• 1
    4) I will not start a discussion on the notion of eternity or God. As of now, it will suffice to point out that it is rather meaningless to speak of time or existence before the first thought of Eru, while at the same time it is reasonable to assume that with the first thought of him the spirits came into being. If you want to think more about this trifling paradox, I recommend reading about the Kaballah's principle of Zimzum ;) – Philip Klöcking Oct 3 '16 at 22:01
  • 1
    Perhaps it's because Ents grow from seeds and Eagles hatch from eggs, so the Elves are the first to be born. (Not a serious comment.) – Nathaniel Oct 4 '16 at 9:14

Ok, so here's what happened, in order:

  1. Eru Ilúvatar would create Elves and then Men in the coming of the children of Iluvatar. Aulë, not wanting to wait until the coming of the children to have beings to whom he could teach his crafts, created 7 Dwarves in secret. But Aulë did not actually have the power to create life, so these Dwarves were not technically a sentient species.
  2. Ilúvatar finds out about these Dwarves and reprimands Aulë for his impatience. Aulë realises he has made a mistake and offers up the Dwarves for Ilúvatar to do with as he will, including destroy them if he so wished.
  3. Ilúvatar accepts Aulë's offering and grants the 7 Dwarves life, so when Aulë attempts to destroy his creations, they cower in fear and beg for mercy, which Aulë grants them.
  4. Ilúvatar decrees that he shall not suffer Dwarves to exist before his children, and so the 7 Dwarves shall sleep underground until his children awaken and walk Middle-Earth.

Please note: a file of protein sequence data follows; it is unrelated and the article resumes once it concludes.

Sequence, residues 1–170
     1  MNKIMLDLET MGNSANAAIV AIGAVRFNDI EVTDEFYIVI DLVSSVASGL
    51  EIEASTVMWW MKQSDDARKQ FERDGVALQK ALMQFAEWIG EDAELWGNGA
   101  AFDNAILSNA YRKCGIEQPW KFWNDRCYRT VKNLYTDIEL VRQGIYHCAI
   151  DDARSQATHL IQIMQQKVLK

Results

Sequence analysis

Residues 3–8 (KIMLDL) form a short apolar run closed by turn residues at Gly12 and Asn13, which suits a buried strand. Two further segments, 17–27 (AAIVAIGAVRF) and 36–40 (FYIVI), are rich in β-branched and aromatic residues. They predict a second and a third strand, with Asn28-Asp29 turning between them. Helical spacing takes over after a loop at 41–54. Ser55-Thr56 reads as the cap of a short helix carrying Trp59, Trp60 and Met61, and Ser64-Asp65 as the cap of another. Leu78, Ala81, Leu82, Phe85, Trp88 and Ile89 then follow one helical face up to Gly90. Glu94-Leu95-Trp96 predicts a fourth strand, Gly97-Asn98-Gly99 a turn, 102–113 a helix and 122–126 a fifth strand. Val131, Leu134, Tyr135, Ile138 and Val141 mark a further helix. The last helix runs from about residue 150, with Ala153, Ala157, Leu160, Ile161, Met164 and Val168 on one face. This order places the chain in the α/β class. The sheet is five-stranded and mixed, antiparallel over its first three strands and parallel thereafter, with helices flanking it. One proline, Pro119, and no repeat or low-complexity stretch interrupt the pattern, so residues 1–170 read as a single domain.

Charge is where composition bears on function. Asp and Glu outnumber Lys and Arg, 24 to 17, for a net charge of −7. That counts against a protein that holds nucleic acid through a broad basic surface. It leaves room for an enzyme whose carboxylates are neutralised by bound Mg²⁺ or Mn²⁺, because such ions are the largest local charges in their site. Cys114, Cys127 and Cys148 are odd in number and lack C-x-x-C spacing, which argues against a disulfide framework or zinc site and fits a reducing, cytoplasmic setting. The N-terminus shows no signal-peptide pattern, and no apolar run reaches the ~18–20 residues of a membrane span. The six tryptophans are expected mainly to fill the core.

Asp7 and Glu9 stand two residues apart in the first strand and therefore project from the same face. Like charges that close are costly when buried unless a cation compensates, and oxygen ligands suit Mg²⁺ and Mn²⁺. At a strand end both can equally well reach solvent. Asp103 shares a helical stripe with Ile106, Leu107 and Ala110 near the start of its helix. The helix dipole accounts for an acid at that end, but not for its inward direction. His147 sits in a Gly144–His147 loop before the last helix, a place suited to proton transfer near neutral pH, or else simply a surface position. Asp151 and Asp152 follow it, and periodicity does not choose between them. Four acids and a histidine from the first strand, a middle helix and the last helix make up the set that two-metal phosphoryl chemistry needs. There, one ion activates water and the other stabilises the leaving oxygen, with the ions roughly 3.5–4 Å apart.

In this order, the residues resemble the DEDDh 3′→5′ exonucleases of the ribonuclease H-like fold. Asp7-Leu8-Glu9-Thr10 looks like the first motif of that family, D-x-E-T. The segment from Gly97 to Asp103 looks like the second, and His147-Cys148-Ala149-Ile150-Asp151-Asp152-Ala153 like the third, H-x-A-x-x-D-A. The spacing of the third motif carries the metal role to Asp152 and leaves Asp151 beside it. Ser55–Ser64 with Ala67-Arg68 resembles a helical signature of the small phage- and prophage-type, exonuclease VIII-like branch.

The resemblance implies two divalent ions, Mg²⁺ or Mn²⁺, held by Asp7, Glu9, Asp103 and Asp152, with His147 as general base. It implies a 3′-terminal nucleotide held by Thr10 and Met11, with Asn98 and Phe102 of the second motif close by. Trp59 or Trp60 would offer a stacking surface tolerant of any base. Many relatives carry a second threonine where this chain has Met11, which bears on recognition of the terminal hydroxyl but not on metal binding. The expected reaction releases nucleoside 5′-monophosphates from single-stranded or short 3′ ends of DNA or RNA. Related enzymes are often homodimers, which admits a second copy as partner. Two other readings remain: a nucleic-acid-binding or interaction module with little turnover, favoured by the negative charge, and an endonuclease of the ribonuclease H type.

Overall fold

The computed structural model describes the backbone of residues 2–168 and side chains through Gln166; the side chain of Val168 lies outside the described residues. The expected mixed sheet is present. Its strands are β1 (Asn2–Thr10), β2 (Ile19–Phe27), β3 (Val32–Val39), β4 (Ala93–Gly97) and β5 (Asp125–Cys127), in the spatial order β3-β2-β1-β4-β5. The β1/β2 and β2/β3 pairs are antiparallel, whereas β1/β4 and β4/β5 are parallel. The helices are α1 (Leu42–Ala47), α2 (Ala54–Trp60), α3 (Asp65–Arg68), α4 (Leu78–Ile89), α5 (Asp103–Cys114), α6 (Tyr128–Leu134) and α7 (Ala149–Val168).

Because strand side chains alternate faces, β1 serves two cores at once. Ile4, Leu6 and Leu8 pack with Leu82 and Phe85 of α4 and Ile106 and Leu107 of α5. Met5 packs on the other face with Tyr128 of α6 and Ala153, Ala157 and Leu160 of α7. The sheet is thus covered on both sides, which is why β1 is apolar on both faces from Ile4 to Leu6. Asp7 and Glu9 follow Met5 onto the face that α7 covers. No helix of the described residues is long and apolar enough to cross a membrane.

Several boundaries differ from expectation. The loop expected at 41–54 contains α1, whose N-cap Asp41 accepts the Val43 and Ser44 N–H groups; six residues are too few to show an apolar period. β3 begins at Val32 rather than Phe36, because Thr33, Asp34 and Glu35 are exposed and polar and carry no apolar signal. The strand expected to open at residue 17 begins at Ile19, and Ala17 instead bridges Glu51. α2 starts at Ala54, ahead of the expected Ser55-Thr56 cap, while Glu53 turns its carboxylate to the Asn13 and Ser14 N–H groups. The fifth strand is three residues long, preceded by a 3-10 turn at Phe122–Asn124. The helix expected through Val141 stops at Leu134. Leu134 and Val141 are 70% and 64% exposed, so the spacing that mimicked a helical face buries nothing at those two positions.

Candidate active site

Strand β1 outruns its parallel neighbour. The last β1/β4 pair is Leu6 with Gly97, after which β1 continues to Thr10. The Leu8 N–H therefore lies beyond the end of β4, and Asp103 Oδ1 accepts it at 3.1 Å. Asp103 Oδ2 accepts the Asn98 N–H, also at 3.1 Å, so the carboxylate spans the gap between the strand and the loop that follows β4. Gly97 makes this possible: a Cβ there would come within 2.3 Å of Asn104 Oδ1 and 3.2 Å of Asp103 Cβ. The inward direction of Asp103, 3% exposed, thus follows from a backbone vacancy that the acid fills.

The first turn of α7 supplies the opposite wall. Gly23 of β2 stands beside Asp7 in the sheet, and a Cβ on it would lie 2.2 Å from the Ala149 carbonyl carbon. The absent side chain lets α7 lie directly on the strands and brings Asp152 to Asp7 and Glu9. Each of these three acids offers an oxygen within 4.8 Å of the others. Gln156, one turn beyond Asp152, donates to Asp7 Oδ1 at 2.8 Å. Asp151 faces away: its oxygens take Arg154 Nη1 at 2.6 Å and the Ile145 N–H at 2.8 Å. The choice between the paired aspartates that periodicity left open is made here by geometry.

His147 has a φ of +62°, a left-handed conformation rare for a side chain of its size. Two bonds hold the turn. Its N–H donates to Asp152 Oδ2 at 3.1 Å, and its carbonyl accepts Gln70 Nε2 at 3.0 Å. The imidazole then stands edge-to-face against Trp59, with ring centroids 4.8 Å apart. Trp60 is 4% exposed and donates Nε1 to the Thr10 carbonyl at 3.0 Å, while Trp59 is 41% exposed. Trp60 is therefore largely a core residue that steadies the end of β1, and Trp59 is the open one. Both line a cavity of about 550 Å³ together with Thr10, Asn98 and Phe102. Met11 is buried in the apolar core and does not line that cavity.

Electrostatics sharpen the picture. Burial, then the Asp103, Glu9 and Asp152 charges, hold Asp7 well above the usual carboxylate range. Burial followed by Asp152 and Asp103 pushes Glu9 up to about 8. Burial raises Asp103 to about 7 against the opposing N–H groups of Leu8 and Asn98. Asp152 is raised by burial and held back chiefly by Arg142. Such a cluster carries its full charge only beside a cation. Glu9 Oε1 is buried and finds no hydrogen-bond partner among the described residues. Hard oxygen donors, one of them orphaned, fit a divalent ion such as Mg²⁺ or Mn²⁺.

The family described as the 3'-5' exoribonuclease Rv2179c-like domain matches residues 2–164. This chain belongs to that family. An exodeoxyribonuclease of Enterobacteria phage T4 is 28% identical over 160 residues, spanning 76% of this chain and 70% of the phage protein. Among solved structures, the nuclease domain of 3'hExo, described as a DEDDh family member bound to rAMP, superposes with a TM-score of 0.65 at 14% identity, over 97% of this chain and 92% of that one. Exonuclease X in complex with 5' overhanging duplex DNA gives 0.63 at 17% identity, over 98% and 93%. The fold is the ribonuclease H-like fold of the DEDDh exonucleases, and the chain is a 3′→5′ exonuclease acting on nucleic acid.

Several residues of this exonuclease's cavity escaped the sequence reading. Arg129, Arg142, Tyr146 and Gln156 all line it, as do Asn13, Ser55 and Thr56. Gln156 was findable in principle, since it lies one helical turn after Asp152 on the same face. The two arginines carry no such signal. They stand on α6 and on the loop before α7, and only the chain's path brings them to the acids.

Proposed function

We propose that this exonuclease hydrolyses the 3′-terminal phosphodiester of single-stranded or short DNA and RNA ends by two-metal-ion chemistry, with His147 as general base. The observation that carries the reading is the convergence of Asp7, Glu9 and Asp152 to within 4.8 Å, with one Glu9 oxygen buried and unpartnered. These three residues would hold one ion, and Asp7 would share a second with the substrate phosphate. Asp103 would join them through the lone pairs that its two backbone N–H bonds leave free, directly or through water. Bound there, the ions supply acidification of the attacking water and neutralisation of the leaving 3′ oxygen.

5. Yavanna voices concern for her creations, the plants and animals, for she fears the Dwarves would fell them to fuel their industrious nature. Aulë, in defense of his Dwarves, informs her that Ilúvatar's children would also have need of trees. She then asks Manwë for counsel and asks that her creations be protected. When asked which she would have protection granted to, she replies that all things have their worth, but that trees should punish those who wrong them.
  6. Manwë informs Ilúvatar of Yavanna's request and Ilúvatar grants it. It is said that when the Firstborn (The Elves) awaken, spirits shall descend to Middle-Earth and inhabit beings within it, guardians who will protect the plants and animals. This is the conception of both the Ents and the Great Eagles.

So in fact many races were created long before the Elves ever existed, but all were asleep before the Elves awoken. The first race to awaken on Middle-Earth were the Elves. Technically speaking, the very first race to "awaken" on Arda were the Dwarves, as they were created first by Aulë and granted life by Ilúvatar before they were put to sleep.